Battle of the Bands: Toxic Dust, Active Citizenship and Science Education

Larry Bencze, Chantal Pouliot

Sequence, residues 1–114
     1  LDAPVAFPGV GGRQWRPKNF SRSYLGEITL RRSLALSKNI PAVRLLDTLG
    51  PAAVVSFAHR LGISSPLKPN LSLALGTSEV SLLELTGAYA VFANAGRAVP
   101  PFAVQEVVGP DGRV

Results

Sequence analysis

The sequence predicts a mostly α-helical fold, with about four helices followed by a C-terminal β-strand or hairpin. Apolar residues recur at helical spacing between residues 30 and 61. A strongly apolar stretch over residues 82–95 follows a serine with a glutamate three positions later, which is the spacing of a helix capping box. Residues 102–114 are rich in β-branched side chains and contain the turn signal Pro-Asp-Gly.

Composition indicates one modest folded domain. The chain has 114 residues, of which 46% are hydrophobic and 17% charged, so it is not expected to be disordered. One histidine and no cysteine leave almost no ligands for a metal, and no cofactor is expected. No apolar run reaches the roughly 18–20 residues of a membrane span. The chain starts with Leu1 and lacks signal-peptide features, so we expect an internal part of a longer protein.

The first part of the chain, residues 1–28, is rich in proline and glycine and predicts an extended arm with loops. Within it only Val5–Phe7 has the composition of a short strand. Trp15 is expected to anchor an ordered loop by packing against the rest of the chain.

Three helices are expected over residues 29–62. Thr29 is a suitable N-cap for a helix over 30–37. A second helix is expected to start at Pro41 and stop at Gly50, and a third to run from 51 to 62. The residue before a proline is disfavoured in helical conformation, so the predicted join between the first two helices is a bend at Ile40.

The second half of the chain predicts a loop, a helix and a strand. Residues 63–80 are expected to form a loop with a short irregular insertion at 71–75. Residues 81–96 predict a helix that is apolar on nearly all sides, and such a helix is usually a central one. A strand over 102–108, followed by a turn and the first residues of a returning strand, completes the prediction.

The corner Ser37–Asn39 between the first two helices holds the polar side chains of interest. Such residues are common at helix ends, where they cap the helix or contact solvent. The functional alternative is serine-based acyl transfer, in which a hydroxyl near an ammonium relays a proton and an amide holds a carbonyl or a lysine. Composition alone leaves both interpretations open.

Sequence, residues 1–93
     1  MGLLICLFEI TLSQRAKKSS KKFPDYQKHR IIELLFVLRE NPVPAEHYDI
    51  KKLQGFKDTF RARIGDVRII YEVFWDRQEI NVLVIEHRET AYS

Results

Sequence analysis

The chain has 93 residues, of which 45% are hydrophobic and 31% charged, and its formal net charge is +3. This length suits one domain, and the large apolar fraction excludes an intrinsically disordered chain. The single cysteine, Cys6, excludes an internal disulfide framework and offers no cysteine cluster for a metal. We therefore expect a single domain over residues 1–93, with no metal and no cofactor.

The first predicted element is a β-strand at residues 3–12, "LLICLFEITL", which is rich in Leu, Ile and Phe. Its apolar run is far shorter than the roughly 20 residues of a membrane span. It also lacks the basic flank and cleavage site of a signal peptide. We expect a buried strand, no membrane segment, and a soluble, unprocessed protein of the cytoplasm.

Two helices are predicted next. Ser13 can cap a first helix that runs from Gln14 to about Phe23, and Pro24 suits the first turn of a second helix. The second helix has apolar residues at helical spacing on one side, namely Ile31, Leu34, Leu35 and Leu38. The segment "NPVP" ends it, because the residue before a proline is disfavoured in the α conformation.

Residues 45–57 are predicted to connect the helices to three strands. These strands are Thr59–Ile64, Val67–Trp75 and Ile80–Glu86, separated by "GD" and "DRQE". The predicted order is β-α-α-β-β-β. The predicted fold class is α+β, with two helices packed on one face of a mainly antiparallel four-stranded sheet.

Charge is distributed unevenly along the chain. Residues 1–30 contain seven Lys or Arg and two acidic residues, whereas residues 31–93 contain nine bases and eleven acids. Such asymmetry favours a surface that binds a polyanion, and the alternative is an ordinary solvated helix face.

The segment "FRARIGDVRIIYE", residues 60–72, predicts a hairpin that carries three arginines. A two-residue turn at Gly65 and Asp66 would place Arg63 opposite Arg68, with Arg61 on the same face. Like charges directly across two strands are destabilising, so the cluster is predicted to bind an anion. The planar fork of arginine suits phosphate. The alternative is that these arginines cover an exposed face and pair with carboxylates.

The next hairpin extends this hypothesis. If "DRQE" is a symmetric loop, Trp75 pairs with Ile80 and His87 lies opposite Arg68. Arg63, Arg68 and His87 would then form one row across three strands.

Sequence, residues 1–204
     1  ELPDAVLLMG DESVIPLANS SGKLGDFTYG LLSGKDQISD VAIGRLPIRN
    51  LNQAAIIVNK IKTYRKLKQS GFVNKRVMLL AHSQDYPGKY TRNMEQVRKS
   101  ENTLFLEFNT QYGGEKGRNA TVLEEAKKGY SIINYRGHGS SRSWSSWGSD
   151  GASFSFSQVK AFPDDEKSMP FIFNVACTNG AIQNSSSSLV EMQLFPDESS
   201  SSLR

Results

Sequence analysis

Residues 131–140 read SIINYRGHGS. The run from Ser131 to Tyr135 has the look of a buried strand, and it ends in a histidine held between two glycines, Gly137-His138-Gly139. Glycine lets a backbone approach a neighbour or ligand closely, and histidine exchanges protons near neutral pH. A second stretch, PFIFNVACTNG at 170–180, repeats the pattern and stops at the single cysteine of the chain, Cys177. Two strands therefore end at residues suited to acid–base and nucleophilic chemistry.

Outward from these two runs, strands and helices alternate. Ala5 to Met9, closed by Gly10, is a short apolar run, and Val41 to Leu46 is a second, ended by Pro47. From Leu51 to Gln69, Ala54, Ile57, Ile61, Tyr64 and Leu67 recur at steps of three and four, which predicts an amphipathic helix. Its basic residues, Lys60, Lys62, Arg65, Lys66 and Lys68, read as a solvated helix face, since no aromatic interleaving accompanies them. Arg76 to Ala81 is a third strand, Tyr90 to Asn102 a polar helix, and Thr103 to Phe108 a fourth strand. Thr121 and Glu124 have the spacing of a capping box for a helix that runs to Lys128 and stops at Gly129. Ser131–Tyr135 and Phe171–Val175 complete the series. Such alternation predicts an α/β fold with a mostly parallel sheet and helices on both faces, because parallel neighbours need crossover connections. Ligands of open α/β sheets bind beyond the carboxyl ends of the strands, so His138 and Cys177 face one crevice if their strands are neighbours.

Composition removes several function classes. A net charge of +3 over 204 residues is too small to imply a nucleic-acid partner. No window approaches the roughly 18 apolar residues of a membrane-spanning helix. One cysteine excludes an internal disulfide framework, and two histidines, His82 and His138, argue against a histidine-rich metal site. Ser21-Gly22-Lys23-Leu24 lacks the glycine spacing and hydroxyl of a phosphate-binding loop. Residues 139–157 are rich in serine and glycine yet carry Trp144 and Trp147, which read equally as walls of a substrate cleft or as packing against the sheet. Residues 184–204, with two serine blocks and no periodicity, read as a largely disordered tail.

Humanity is facing many serious realized and predicted problems for the wellbeing of individuals, societies and environments associated with influences of powerful people and groups on fields of science and technology (and, likely, engineering and mathematics). While a plethora of problems are linked to fossil fuel uses, with particular concerns relating to climate change, excessive promotion of production and consumption is threatening a range of habitats and species and harmful substances in many manufactured goods — such as fats, sugars, salts, food colourings and preservatives in food products, combustion products in cigarettes and a range of untested chemicals in everyday household cleansers and hygiene products — are associated with various preventable diseases, like cardiovascular illnesses, diabetes and cancer. Given that many of these problems seem tied to global economic systems, which — in their neoliberal form — depend on cooperation of governments and transnational governing bodies and agreements, it seems clear that more citizens must take active roles in analyzing and evaluating products and services of fields of science and technology (and other related fields) and, where problems are identified, be prepared to take informed actions to bring about a better world. Given roles of fields of science and technology (and others) in contributing to harms like those identified above, a logical place for helping to develop more activist citizens is through school science and technology (and related subjects). To do so, however, it seems essential to base such education on authentic situations of citizen engagement in such socio-political controversies. In this paper, we describe an ongoing case of citizen data-informed actions to address what they perceived to be toxic metal dust pollution (including nickel, arsenic, lead, cadmium, cobalt, manganese and zinc) accumulating on objects in their community that they claim is emanating from the city’s inland ocean port. Our analyses suggest that rectifying responses from the city and, perhaps, resistance to such responses can be explained using Foucault’s concept of dispositif (an aggregate of actants serving certain purposes). A key to this conclusion was activists’ discovery of decades-old reports commissioned by the city that, if they had been made part of public discourse, may have increased levels of public consciousness to the point that earlier corrective actions might have been taken. With this case and analyses of it, we suggest that it could serve as an excellent model to be included in apprenticeships for helping students to develop expertise, confidence and motivation for self-directing research-informed actions to address socioscientific problems of their choice — including in terms of working to develop dispositifs to support their causes. Moreover, the dispositif concept could be used to help mobilize such approaches across numerous educational contexts — with, for example, educators working to initiate a network of cooperating stakeholders (e.g., governments, businesses, media outlets, teacher associations, school districts, etc.).

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